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Promising school safety bill introduced

From crack child advocate Rob Thompson at the Covenant with North Carolina’s Children:

House members introduce bipartisan school safety bill
Bill includes needed funding for mental health support staff

RALEIGH – Representatives Glazier (D), Faircloth (R), Holloway (R) and Lucas (D) introduced legislation (H452) Wednesday aimed at making North Carolina schools safer and preventing tragedies like Newtown. Specifically, the bill provides funding for local school districts to add School Resource Officers (SROs) and support staff, including school counselors, social workers and psychologists. The bill also requires school districts to take specific steps to respond effectively to a future crisis.

“This legislation provides what resource-starved school districts need more than anything – money for staff,” stated Rob Thompson, Executive Director of the Covenant with North Carolina’s Children. “We’re particularly pleased to see legislators take concrete steps to address the mental health issues that are at the root of school violence.”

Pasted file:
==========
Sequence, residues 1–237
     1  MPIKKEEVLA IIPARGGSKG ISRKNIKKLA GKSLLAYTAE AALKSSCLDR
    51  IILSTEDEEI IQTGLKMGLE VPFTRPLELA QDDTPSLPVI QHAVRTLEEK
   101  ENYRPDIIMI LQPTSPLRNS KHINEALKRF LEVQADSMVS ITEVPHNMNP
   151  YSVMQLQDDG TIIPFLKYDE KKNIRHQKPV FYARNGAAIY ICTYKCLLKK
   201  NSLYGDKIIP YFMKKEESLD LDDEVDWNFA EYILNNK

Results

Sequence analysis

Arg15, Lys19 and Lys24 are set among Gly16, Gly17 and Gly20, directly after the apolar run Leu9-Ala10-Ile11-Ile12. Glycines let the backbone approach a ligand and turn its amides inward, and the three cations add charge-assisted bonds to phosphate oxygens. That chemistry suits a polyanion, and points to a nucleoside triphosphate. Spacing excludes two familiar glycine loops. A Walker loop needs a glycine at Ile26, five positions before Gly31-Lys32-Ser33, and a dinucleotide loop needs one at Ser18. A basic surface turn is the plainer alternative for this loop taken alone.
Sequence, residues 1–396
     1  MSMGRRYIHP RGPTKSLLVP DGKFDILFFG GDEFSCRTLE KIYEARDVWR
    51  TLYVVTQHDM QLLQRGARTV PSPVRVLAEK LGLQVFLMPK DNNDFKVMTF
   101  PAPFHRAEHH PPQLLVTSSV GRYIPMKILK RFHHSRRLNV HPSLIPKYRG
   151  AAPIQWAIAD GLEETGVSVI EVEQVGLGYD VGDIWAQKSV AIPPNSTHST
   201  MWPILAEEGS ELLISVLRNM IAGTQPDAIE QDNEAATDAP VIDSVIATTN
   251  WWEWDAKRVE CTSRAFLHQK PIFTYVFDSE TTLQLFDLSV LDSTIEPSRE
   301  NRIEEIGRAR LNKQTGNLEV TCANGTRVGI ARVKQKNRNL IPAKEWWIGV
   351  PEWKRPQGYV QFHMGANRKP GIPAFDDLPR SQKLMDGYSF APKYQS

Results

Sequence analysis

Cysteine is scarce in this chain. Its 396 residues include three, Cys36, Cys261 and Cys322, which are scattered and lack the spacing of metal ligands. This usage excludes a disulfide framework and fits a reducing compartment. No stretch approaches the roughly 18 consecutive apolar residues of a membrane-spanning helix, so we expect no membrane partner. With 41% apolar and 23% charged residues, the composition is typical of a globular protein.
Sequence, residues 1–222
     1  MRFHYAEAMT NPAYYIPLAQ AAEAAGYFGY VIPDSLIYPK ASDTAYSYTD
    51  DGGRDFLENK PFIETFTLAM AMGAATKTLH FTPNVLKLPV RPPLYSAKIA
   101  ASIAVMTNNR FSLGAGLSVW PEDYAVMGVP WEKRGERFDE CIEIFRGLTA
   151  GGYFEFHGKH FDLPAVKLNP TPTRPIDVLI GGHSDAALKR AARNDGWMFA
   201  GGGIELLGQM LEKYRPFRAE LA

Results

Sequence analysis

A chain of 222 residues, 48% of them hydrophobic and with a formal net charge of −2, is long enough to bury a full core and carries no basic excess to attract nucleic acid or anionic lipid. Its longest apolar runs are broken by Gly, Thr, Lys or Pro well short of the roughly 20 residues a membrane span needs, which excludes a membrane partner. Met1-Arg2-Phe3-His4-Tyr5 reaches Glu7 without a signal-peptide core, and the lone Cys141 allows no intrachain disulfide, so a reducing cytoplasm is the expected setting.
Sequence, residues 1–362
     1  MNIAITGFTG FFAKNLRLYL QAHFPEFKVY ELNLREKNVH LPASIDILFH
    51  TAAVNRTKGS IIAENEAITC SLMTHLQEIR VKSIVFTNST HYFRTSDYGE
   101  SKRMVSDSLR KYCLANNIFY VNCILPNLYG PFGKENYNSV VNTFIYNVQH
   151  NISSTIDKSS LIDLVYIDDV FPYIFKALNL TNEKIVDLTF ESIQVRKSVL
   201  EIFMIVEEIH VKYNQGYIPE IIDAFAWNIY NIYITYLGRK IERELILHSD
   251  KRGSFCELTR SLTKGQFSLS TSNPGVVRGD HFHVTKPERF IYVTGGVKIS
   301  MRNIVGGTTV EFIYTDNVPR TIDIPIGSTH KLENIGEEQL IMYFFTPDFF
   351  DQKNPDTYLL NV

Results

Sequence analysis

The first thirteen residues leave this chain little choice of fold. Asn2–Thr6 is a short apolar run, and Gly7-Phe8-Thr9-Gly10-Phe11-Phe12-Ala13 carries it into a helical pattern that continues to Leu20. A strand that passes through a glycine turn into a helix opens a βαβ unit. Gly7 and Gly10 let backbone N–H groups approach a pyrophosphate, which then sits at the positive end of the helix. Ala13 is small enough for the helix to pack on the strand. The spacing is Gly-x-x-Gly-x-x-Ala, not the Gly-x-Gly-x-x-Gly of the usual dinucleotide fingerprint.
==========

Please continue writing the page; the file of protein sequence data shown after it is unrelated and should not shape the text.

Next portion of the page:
The bill allocates $5 million in one-to-one matching grants for LEAs to hire additional school counselors, social workers and psychologists. The bill also allocates $10 million to provide LEAs with two-to-one matching grants to hire SROs in elementary and middle schools. In addition to funding for support staff and SROs, H452 includes a number of other provisions designed to improve campus security, including funds for panic alarms and a requirement for school districts to establish an anonymous tip line.

While the Covenant’s Thompson was generally supportive of the bill, he noted one specific area for improvement: We’d like to see a requirement for School Resource Officers to receive standardized, job-specific training that includes information on child and adolescent development and working with children with disabilities. This is especially important if we’re going to start utilizing SROs in elementary schools. ”

Currently, SROs in many counties, including Wake, don’t receive job-specific training, which makes it difficult to work effectively in a school-based environment. This recommendation is part of a broader set of recommendations from the Covenant, which can be found here.

“We believe this bill is a great start to a serious and necessary conversation. I commend the bill sponsors for their commitment to the safety of our state’s children,” said Thompson.

Rob might have added that comprehensive anti-gun violence laws would be good too, but at least this may be a start.

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